In real estate people often say “location, location, location.” This is true when planning for your mud kitchen as well. You will probably want to locate your mud kitchen away from play structures or high traffic areas in your outdoor space. This will allow children to engage in the mud kitchen without having their play interrupted. Choose an area that has an ample supply of dirt and water for your mud kitchen. Having access to different kinds of dirt or sand allows children to create different kinds of mud, providing different opportunities for play. Adding pebbles, stones, and other natural materials allows children endless possibilities to use their imagination as they play in the mud kitchen.
Including vertical surfaces such as walls, fences, or trellises creates definition for the space, and provides a homey, kitchen-like feel to the area. Vertical surfaces also provide the opportunity to hang pots or utensils. Children will also need large horizontal surfaces on which to work. Horizontal surfaces should be large enough to accommodate several children at a time. It may be helpful to design different kitchen heights for toddlers and older children so that all children can work comfortably in the mud kitchen.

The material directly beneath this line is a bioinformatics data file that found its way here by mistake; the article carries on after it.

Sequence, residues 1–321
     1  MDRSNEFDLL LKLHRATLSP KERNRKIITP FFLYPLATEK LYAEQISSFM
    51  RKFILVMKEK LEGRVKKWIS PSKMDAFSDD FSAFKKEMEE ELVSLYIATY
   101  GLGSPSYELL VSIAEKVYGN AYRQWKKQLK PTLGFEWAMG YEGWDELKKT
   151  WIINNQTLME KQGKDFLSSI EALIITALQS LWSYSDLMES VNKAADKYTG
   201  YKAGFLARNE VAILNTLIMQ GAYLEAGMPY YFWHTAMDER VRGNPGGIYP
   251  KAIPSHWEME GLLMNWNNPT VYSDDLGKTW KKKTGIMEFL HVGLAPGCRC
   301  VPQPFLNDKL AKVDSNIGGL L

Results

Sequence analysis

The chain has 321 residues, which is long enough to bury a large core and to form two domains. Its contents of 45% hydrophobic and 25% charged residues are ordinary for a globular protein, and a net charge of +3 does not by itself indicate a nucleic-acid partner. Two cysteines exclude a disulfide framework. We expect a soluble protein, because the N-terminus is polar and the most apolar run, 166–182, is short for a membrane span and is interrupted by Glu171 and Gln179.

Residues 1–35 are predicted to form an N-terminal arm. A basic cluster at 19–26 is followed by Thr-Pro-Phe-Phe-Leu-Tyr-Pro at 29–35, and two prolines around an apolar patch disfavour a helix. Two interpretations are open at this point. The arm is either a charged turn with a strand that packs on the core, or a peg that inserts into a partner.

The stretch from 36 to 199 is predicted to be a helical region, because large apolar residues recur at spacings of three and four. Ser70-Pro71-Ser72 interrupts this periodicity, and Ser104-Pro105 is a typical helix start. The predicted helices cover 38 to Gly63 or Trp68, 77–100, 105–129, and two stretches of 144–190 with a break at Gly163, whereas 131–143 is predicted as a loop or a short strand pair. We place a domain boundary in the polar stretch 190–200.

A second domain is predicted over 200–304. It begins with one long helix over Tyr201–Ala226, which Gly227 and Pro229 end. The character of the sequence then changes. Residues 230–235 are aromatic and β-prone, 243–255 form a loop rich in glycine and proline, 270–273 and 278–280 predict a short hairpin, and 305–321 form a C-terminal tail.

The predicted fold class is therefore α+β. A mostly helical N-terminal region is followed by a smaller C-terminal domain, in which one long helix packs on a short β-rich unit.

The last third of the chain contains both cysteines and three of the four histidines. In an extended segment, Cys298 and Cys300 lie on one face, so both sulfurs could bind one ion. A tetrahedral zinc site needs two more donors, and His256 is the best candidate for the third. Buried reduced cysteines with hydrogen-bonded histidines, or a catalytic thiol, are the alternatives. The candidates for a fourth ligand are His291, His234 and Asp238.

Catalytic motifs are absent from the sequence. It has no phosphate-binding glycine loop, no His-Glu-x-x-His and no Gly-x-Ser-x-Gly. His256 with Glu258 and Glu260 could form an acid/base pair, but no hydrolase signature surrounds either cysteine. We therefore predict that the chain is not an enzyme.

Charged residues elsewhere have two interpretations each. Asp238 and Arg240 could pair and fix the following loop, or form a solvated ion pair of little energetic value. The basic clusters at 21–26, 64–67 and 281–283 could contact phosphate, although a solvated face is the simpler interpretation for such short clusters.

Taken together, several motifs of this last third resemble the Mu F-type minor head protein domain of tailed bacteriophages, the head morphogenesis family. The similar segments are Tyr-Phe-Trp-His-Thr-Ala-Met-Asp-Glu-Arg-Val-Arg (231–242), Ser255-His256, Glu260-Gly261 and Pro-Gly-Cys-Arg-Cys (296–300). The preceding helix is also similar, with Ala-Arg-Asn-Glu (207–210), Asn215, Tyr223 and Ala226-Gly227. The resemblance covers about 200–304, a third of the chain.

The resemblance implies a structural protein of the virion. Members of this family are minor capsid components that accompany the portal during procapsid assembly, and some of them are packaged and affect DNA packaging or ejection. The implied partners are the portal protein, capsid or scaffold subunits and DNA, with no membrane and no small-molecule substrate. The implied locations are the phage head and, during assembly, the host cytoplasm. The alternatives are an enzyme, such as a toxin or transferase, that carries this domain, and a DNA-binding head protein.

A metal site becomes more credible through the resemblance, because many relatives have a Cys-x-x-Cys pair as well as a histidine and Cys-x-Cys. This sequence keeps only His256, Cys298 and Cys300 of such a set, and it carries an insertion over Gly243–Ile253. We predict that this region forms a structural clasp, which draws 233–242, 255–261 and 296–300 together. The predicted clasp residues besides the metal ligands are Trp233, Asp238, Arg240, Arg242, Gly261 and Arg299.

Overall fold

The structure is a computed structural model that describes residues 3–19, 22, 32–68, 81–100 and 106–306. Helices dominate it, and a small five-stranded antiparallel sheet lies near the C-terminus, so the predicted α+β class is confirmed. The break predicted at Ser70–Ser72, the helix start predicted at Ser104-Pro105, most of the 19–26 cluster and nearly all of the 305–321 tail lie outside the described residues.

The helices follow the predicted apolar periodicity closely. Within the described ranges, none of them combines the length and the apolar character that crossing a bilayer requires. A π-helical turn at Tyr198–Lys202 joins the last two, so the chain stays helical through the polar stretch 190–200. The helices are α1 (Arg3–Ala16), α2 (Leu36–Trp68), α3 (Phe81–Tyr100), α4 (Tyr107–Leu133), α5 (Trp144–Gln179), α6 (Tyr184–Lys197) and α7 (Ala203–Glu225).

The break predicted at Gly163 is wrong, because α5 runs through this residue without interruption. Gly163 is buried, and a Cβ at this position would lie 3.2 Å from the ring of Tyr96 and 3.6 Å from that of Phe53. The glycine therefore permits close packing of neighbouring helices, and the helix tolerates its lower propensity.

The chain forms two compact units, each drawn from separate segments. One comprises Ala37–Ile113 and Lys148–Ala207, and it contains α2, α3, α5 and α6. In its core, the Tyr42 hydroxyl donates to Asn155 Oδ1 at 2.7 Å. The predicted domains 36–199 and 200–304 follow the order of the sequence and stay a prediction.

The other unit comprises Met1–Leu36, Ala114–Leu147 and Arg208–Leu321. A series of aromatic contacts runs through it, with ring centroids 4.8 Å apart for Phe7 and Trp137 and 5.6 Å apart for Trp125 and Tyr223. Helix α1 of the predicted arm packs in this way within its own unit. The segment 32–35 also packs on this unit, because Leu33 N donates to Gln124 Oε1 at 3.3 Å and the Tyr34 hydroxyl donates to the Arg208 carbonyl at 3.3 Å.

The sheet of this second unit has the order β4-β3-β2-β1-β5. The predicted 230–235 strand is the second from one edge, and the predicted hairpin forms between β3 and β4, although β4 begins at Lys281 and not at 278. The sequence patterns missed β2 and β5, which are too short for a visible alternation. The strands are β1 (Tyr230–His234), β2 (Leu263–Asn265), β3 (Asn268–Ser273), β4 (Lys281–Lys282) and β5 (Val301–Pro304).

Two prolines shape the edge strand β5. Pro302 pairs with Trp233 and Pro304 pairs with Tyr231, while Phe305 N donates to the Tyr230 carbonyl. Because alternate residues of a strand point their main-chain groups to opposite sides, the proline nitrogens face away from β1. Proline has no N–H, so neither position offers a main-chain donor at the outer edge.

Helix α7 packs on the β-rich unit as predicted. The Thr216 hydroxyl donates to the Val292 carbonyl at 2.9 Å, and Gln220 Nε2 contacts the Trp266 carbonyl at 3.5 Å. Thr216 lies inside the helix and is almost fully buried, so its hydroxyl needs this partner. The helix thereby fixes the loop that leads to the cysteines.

Providing shelving allows for easy storage of equipment like, pans, bowls, and utensils and also makes the area feel more kitchen-like. Provide old pots, baking pans, bowls, and utensils for children to use in the mud kitchen. Provide shakers for children to fill with dried flowers or leaves to use as “spices”. Fill other containers with pebbles, twigs, pine needles, or other natural materials to be added to children’s creations. Add chef hats and aprons to enhance the play! You can even extend the play by creating a mud restaurant. Have the children develop menus, take orders, and prepare a variety of muddy dishes to serve.